Besides the Craig family donation, the exhibition also drew on David S. Somerville 's collection of comic books, recently donated to CSUN. The range of comics on display was impressive, encompassing every significant era, publisher, and genre (including the proliferation of modern-day reprintings of early superhero tales in thick, pricey tomes). Despite the academic setting, the show mostly presented the materials with a minimum of analysis, which I found a breath of fresh air after the heavy-handed pretensions of the recent "Masters of American Comics" museum show.

Among the items drawn from the Craig donation were a caricature from his time at the Leon Schlesinger animation studio and examples of the "Charlie McCarthy" comic strip he worked on and the "Odd Bodkins" strip he wrote circa 1941-42 (which is often said to be the first satire of the then new superhero genre). Then I spotted to my utter surprise a true treasure: an August 6, 1928, letter to Craig from E. C. Segar. This evidently was a response to Craig's query to the cartoonist seeking advice after graduating from art school. Besides the encouraging text the middle of the sheet has a nice large drawing of the then-star of the "Thimble Theatre" comic strip, Castor Oyl, along with the Wiffle Hen. (It was in early 1929 that Segar created the character who soon became a sensation and pushed Castor into obscurity—Popeye.)

Of course, for me the pièces de résistance were the two Carl Barks letters to Chase Craig on display. In the first, dated October 7, 1966, Barks discusses his retirement, the story "King Scrooge the First" (which he wrote but did not draw; it was published in 1967 in Uncle Scrooge No. 71), and some then-recent interactions with fan Malcolm Willits, who was instrumental in discovering Barks' identity. In the second, dated December 14, 1970, Barks discusses the Junior Woodchuck stories he was then writing and mentions some advice on writing comics he had given fan and college professor Donald Ault, who had shown interest in writing some stories of his own for submission to Western Publishing. He also mentions that the Disney studio's newly hired archivist, David R. Smith, had just contacted Barks about the possibility of his supplying artwork for an exhibition the Walt Disney Archives was mounting.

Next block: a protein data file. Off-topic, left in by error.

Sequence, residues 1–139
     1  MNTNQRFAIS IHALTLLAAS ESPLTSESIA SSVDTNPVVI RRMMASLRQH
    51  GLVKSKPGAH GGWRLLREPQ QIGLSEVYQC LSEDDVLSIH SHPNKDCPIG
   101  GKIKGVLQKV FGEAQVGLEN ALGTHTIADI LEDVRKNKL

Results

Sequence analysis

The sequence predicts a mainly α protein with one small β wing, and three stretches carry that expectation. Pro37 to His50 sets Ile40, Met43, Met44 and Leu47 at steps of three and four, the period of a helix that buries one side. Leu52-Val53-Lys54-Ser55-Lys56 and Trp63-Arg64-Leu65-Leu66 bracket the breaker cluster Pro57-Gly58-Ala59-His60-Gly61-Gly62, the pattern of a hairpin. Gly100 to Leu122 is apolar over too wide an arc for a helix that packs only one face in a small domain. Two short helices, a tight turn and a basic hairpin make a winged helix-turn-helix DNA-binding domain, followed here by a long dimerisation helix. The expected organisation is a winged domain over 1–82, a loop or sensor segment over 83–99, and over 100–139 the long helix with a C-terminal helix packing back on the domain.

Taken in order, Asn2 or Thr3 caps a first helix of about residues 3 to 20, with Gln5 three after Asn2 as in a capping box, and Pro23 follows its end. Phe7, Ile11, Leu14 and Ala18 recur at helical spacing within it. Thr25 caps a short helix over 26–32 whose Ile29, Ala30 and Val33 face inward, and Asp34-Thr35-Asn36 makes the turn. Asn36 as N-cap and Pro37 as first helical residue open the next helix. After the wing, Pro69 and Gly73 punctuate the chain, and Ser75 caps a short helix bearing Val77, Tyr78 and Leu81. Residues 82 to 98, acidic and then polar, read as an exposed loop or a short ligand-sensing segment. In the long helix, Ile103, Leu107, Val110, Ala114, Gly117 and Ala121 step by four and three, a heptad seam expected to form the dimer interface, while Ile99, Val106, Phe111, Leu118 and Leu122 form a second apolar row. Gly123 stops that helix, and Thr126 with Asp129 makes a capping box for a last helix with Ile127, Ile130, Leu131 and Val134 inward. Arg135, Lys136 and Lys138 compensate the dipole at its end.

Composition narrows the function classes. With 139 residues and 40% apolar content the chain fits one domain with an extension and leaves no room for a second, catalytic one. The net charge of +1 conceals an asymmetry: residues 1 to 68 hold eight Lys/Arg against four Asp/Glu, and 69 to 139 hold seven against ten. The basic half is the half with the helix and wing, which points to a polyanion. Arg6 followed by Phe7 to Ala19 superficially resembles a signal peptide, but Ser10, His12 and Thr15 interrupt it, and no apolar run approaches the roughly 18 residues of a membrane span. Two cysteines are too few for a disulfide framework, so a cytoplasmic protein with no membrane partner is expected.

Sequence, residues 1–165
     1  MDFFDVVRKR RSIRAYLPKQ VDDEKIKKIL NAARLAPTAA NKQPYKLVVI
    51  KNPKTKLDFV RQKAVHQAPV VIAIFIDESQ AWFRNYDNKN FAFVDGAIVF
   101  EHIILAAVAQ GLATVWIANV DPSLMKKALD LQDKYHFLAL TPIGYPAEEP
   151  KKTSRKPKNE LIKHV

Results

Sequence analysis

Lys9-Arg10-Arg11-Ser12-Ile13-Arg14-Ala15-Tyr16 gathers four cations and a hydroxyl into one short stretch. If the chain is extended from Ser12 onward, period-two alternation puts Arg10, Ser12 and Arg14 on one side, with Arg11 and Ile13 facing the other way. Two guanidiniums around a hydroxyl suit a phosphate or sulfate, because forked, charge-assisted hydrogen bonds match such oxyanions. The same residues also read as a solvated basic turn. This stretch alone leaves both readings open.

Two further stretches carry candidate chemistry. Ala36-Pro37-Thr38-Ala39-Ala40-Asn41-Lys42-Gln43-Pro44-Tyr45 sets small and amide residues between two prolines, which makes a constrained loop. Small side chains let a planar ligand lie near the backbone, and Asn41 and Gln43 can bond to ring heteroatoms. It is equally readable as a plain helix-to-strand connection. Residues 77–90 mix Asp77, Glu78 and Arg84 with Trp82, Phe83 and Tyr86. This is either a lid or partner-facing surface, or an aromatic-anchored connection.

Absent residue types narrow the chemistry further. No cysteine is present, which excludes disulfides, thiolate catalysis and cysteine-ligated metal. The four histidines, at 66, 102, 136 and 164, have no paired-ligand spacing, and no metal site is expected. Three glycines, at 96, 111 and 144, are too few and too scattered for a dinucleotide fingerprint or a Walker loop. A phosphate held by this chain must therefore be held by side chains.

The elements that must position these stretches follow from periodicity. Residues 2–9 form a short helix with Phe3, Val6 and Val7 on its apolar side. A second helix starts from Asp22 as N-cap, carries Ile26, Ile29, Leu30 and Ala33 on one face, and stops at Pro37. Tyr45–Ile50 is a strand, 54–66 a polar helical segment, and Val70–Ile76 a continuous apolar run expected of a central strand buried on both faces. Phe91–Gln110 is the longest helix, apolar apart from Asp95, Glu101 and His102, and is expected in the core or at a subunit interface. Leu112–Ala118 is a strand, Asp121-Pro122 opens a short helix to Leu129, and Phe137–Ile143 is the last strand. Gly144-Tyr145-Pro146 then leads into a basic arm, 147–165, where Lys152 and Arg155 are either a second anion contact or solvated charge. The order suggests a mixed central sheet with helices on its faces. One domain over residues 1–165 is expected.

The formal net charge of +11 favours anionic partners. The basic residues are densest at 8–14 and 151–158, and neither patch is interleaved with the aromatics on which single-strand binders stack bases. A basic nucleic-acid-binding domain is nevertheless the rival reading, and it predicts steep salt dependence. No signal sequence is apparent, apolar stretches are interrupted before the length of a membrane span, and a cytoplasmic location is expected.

Overall the exhibit is a pleasant diversion. Nothing earthshaking, but an enjoyable overview that includes a few stellar pieces from comic book legends Barks and Segar. The exhibition is free and available for viewing through August 3, 2007, during library hours: Monday through Thursday, from 7:45 a.m. to 11 p.m.; Friday, from 7:45 a.m. to 5 p.m.; Saturday, from 9 a.m. to 5 p.m.; and Sunday from 10 a.m. to 10 p.m.

A finding guide to the Chase Craig Collection is posted at: http://library.csun.edu/Collections/SCA/SC/FG/fdgds4a.html A finding guide to the Carl Barks correspondence donated by the Craig family is posted at: http://library.csun.edu/Collections/SCA/SC/FG/fdgds4b.html The Chase Craig collection is fully processed. Researchers wishing to examine it should contact Curator Tony Gardner of the Special Collections & Archives: tel. (818) 677-2597 fax. (818) 677-2589 e-mail: Tony.Gardner@csun.edu The Library also has a reference librarian who can answer researcher questions. She is available during morning hours at (818) 677-2832.  Special Collections and Archives is open M-F from 9 a.m. to 4:30 p.m. (closed weekends).

Details about the Bonhams auction with items from Carl Barks's estate are posted on the auction house's website (search lots starting with 1250 to examine the Barks items [lots 1250-1393]):
http://www.bonhams.com/cgi-bin/public.sh/pubweb/publicSite.r?sContinent=EUR&screen=catalogue&iSaleNo=15284

[Posted May 19, 2007; updated June 4, 2007.]